12 From then on Pilate sought to release him, but the Jews cried out, “If you release this man, you are not Caesar's friend. Everyone who makes himself a king opposes Caesar.” 13 So when Pilate heard these words, he brought Jesus out and sat down on the judgment seat at a place called The Stone Pavement, and in Aramaic Gabbatha. 14 Now it was the day of Preparation of the Passover. It was about the sixth hour. He said to the Jews, “Behold your King!” 15 They cried out, “Away with him, away with him, crucify him!” Pilate said to them, “Shall I crucify your King?” The chief priests answered, “We have no king but Caesar.” 16 So he delivered him over to them to be crucified.
            But there is a third group of people that nobody talks about. I don’t even have a scripture passage to reference, because nobody ever talks about them. There is a passage in Luke 9 where Jesus had just fed five thousand men plus women and children. As they were gathered together in groups eating, Jesus asked His disciples a quick poll question: “Who do these people say that I am?” There is a lot more unpacking we could do with this question, but the fact that Jesus had drawn together such a vast group of people who didn’t even really know who they were gathering around says something.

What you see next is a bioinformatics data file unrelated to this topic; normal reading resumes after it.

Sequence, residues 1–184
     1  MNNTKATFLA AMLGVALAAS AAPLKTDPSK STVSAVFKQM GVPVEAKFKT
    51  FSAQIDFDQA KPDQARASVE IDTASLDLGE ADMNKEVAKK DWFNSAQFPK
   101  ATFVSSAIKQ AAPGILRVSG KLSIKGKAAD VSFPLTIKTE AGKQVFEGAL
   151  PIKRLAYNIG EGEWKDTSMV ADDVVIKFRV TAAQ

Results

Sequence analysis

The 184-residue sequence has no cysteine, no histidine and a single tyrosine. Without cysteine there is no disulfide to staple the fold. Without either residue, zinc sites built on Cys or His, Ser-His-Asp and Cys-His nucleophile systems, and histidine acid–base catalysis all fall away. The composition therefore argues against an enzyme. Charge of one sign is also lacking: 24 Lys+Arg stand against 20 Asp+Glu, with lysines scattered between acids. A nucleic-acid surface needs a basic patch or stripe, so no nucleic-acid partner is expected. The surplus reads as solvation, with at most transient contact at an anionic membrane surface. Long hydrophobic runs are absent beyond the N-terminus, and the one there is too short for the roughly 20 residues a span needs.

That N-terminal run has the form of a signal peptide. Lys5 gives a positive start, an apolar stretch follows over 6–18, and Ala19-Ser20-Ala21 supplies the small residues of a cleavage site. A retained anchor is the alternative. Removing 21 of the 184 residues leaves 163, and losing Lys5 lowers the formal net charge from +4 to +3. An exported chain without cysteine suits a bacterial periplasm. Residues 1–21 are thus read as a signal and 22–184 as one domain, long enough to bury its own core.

Luke 9:18-20 “Now it happened that as he was praying alone, the disciples were with him. And he asked them, “Who do the crowds say that I am?” 19 And they answered, “John the Baptist. But others say, Elijah, and others, that one of the prophets of old has risen.” 20 Then he said to them, “But who do you say that I am?” And Peter answered, “The Christ of God.”
            The general consensus was that Jesus was JBAP, Elijah, or one of the prophets.
            So let’s get on with it. Who do you think the third group is that nobody talks about? I’ll give you a hint: The three groups still exist today exactly as they did 2,000 years ago.